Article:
Candidates for county council were asked the following questions by The Washington Post:

Growth: A number of observers believe requirements such as citizen input into planning decisions and certain design standards have stymied economic growth in Prince George's County. Do you favor removing such obstacles in order to attract new economic development?

Schools: School Superintendent Edward J. Feeney said that the schools were underfunded this year, causing the layoff of 507 teachers. County Executive Lawrence J. Hogan and other politicians maintained that the budget was sufficient and that Feeney's cuts were more dramatic than necessary. What do you think?

TRIM: Do you favor modification of the tax-limiting TRIM amendment? If so, what changes would you support?

JoAnn T. Bell (D), 44, of 7008 Kipling Pkwy., District Heights, has been a member of the Prince George's County School Board since 1976, serving twice as chairman. She is a former school instructional reading aide. She is active in the League of Women Voters, the Women's Political Caucus and several advisory committees.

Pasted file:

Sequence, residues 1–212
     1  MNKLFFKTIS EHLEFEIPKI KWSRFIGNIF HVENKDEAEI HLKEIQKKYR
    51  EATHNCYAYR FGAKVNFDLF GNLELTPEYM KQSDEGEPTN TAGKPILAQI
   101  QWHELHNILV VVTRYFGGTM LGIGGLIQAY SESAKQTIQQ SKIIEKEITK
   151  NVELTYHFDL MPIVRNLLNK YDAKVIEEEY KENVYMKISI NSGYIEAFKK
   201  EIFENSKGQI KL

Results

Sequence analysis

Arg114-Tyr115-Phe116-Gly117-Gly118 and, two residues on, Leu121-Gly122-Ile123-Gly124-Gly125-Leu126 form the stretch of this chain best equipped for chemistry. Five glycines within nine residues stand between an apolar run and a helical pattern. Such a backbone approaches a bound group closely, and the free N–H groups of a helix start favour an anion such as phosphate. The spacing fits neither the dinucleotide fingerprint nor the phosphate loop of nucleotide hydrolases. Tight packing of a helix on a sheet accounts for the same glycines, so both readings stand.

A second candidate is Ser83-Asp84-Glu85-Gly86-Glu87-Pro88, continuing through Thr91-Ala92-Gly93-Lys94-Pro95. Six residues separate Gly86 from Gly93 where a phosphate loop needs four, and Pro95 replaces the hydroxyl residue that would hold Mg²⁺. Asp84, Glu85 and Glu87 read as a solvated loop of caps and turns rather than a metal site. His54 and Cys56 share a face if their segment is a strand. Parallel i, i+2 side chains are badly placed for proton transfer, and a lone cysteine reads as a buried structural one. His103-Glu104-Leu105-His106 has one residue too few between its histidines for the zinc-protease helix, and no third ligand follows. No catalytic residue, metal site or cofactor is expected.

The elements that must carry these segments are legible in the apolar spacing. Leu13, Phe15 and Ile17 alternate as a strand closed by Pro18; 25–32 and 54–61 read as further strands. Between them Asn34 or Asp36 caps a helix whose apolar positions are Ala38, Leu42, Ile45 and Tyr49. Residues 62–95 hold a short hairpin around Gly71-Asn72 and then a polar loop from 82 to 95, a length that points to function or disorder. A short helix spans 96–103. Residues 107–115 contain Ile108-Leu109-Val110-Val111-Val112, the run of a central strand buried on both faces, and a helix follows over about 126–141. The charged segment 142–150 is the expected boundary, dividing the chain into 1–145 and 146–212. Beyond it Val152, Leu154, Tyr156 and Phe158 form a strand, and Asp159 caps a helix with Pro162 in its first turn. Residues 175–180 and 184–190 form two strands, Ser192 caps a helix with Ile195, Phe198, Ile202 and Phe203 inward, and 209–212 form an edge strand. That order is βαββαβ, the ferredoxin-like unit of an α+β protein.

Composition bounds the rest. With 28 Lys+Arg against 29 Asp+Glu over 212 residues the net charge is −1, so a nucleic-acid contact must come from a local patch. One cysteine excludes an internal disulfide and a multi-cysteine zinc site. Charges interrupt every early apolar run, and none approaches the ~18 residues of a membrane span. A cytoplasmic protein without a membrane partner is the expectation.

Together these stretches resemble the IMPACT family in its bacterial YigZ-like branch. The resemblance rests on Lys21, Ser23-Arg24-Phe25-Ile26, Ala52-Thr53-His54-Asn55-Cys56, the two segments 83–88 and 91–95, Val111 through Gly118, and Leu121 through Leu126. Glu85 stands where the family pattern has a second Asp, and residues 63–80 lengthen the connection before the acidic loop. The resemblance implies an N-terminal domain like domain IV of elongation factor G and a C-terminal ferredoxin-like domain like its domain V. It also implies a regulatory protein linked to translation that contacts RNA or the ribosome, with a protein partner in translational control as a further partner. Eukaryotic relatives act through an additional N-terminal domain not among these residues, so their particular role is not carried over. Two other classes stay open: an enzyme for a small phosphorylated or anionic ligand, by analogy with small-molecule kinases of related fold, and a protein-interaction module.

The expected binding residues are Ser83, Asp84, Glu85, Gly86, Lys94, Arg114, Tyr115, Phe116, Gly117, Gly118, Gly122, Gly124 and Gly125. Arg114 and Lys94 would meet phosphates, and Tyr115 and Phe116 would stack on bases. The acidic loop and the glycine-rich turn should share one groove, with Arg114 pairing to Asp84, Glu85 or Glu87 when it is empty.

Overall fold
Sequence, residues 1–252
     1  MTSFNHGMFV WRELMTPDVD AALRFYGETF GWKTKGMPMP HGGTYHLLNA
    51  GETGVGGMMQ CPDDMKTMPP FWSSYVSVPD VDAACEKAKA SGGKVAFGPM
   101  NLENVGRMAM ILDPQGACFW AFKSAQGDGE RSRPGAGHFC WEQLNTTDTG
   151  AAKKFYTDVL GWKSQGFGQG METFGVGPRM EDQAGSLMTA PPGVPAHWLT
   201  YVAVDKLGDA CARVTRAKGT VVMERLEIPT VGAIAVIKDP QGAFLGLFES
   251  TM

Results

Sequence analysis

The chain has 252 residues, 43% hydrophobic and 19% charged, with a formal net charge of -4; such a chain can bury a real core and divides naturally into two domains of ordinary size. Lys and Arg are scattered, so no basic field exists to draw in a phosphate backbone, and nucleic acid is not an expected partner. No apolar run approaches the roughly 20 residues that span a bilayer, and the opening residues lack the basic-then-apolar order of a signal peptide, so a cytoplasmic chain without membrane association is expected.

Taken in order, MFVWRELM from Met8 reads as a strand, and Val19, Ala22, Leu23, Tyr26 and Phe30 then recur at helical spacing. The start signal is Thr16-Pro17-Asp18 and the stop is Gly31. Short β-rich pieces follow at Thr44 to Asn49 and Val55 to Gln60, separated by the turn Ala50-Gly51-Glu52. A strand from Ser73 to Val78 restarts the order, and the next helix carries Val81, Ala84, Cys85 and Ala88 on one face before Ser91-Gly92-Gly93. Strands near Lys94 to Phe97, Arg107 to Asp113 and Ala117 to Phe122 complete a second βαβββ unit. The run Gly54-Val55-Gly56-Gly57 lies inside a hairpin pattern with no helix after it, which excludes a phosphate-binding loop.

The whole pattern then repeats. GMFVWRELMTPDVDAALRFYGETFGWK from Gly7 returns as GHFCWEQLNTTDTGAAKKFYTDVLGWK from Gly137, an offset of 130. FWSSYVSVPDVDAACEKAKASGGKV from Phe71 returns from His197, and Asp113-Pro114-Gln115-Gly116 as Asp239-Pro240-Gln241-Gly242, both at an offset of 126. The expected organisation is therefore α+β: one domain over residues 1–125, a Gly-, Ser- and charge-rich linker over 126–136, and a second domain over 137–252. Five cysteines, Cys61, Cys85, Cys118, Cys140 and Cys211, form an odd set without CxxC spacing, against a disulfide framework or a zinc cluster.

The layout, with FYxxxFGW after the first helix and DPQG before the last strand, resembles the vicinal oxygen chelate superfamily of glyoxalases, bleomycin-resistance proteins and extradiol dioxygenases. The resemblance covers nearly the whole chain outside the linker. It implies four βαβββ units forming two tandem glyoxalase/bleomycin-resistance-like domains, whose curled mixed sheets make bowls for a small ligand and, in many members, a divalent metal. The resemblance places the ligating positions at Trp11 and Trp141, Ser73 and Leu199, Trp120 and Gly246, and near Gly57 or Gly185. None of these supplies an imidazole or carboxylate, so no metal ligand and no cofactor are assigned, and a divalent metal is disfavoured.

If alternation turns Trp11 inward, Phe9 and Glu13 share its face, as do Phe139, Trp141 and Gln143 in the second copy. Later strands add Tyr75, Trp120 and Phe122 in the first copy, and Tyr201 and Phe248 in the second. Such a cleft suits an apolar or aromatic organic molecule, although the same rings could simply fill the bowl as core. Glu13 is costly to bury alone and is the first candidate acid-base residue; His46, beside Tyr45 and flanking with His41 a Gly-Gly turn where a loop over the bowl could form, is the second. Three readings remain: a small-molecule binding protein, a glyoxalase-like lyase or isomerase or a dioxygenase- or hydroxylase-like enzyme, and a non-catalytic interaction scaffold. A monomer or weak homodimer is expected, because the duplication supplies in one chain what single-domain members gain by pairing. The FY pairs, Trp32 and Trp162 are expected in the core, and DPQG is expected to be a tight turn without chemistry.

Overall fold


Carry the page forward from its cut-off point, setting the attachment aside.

Growth: I do not favor the restriction of any public access to the zoning and planning process of development in Prince George's County. In fact, I would actively encourage public participation. I did just this as a member of the Board of Education, soliciting citizen imput and assistance when we made decisions affecting their communities, their schools and their services. After all, it's their county. The same rationale holds true for development. Our county suffered terribly because of the inadequacy of proper controls and supervision of development during the 1960s, and our citizens became the victims of over-zealous development that marked the suburbanization of the county. We now have effective laws and standards. There may be room for more efficiency, but not if it means denying citizens their rightful place in the decision-making process.Prince George's County deserves more than development for development's sake; it deserves development that serves the people.